People’s Justice Party (PKR) leader Anwar Ibrahim is expected to return to politics officially after a lawmaker vacated his seat on Wednesday, triggering a by-election to make way for Malaysia’s “prime minister in waiting.”
Anwar, who was released from prison on May 16 after receiving a royal pardon on sodomy convictions, will seek election to the parliamentary seat serving Port Dickson, south of Kuala Lumpur, and is expected to take over eventually as prime minister from Mahathir Mohamad. No date has been set for the by-election.
Former Navy Adm. Danyal Balagopal, who was elected to the seat for the first time in May, cited difficulties adapting to a political life after four decades of military service. He made the announcement during a press conference at PKR headquarters attended by party Secretary-General Saifuddin Nasution and Vice President Rafizi Ramli.
“Anwar agreed and is prepared to contest in Port Dickson. I am confident Anwar will win and become a member of parliament, and Malaysia’s eighth prime minister,” Danyal said.
Also on Wednesday, parliament’s upper house, which is controlled by the opposition Barisan Nasional (BN) coalition, stalled the new government’s efforts to repeal the Anti-Fake News Act that was passed during the lead-up to the May 9 general election, when Barisan ruled the country.
Port Dickson will be the first seat contested by Anwar other than his hometown seat of Permatang Pauh in Penang state that he held for six terms, beginning in 1982. He rose to deputy prime minister but was forced from office after a falling-out with then-Prime Minister Mahathir when both were members of the United Malays National Organization (UMNO), the anchor party of the then-ruling Barisan bloc.
Anwar and Mahathir realigned last year, forming the Pakatan Harapan (PH) alliance that upset UMNO’s Barisan Nasional (BN) coalition to wrest control of the government. Mahathir, 93, is expected to relinquish the prime minister’s office to Anwar in two years.
Anwar is credited with serving as PKR’s de facto leader and managing the election campaign from behind bars even though he did not hold an official post with the party. His return to office is essential for the succession plan because the constitution requires that the prime minister be an MP.
Speaking on behalf of Anwar, who was in Hong Kong on Wednesday, Saifuddin told reporters that PKR officials spoke to leaders of the other Pakatan member parties and they agreed to support the candidate.
“They have assured us of their full cooperation to ensure Anwar’s victory,” he said.
He also said that Anwar would not accept a government leadership post if elected, but would focus on parliamentary reforms.
“As an MP, Anwar who is also part of the PH presidential council, can play a more effective role in helping the government,” Saifuddin said.
In an interview with CNBC that was published before Danyal announced his resignation, Anwar said that a parliamentary seat would have to be vacated before he could run for office as an MP.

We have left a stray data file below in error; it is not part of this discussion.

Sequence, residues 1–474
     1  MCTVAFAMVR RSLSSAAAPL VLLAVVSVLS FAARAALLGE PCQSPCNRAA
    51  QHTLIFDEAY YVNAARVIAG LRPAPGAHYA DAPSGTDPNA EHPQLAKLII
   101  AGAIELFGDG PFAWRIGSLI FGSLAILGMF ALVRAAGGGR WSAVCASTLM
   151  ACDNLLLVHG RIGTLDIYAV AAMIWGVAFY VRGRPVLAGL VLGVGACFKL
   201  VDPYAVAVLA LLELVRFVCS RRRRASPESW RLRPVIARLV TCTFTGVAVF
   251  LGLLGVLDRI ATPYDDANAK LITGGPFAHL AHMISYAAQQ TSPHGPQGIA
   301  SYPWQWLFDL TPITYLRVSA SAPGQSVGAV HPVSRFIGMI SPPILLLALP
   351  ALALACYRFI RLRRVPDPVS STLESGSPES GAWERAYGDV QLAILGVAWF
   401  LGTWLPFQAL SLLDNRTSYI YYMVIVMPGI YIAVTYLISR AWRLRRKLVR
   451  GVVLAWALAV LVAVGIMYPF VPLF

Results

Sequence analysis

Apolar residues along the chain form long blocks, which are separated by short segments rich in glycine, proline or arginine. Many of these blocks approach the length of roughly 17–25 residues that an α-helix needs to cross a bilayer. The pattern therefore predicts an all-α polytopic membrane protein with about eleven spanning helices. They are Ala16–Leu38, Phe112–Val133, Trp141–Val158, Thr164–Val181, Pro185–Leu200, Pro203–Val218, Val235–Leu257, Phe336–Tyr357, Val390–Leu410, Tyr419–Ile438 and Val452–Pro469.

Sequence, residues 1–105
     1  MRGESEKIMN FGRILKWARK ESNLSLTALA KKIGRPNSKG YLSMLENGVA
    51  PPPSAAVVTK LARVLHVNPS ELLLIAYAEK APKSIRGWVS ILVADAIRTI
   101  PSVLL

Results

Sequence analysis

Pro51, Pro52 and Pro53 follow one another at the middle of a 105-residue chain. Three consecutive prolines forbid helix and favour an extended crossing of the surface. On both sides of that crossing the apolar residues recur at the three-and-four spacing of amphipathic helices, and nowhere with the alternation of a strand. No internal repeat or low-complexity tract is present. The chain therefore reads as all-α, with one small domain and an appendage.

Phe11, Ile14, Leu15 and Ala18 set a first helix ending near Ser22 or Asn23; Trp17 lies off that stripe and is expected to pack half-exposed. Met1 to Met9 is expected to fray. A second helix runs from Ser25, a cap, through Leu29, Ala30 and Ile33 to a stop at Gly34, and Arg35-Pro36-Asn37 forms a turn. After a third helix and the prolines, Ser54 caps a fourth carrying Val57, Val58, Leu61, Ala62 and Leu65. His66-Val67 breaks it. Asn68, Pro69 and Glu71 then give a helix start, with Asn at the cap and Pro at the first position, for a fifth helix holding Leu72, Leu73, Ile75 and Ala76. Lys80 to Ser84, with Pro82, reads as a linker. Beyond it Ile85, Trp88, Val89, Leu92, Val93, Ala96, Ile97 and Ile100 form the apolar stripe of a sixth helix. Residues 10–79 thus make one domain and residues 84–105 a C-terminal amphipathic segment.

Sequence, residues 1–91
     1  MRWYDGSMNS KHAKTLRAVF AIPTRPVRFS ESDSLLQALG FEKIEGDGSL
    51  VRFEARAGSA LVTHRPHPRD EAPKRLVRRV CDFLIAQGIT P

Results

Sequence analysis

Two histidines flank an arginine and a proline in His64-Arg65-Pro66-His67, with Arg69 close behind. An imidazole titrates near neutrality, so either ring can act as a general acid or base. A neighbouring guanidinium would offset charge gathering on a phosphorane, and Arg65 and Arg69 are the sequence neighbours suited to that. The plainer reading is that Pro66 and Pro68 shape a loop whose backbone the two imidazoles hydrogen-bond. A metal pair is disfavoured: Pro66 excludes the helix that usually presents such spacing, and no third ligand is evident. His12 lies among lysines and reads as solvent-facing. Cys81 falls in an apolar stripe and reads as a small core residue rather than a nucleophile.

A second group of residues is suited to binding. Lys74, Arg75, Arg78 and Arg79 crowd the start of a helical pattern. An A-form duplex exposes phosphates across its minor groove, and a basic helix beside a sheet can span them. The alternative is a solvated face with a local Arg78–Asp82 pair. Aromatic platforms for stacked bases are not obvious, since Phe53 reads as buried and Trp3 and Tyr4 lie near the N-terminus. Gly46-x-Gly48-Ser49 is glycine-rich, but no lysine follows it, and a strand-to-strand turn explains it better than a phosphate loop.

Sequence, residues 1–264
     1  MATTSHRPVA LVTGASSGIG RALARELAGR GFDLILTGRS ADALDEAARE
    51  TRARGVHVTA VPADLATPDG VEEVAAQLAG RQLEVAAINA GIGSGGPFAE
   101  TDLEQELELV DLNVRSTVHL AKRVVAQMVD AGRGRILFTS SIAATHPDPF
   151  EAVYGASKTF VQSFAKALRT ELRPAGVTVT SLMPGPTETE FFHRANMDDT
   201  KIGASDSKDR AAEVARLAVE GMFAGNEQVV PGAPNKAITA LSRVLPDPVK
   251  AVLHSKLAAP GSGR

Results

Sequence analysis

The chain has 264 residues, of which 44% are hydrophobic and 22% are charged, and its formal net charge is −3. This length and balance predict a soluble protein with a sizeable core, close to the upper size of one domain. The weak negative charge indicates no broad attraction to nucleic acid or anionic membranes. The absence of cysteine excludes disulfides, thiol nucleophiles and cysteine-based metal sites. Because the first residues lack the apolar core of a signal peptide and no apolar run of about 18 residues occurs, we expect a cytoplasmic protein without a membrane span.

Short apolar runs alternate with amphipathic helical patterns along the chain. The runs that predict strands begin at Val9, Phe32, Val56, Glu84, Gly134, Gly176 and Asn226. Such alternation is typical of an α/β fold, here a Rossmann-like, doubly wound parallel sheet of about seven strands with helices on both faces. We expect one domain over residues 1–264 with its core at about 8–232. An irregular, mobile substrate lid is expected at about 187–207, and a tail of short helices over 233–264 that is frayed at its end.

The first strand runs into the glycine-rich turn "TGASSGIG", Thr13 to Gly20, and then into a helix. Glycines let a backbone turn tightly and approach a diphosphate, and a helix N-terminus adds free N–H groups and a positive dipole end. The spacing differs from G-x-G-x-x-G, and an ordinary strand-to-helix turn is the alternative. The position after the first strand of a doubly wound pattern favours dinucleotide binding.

“That should happen very soon,” Anwar, 71, told the network.
“If I win, God willing, I will focus on parliamentary reform,” he said.
However, PKR Housing Minister Zuraida Kamaruddin pointed out that the party’s leadership did not follow the proper channels in selecting the candidate.
“Every decision made by the party needs to be done through the committee so that a consensus can be achieved that is in line with the spirit of reformation and democracy,” she said.
In response to the announcement about Anwar’s reentry to the political fray, BN official Khairy Jamaluddin posted a tweet suggesting that his coalition field a local candidate to face Anwar.
“It will prove to be difficult for BN to win, but still, a local face will put up a better fight,” he said.
Anwar has a strong chance of winning the election, no matter who runs against him, according to Wong Chin Huat, a political analyst with the Penang Institute.
“Most Malaysians would want to have an MP who is the future prime minister,” he told BenarNews.
“Anwar’s challenge is to show his statesmanship as the next prime minister without being seen as in a hurry and undermining Mahathir’s leadership,” Wong said.
Meanwhile, parliament’s upper house, also known as the senate, delayed the Anti-Fake News Act repeal in a party-line vote. Senate President S. A. Vigneswaran announced that 28 BN and Pan-Malaysian Islamic Party (PAS) senators voted against repealing the act, while 21 Pakatan senators voted for the repeal and three abstained.
Despite the change in power, the senate, whose members are political appointees, is controlled by those loyal to the previous government.
In August, the lower house voted to repeal the act.
Under the constitution, bills rejected by the Senate must be returned to the lower house for approval again before being presented to the senate for a second time. The senate then has 30 days to approve the bill, after which, regardless of the decision, it is presented to the king for his royal assent and gazetted as law.
The king can opt to not give royal assent to a bill, forcing it to be sent back to both houses to be voted again and returned for his approval. If he still does not approve the bill, it automatically is gazetted as law after 30 days.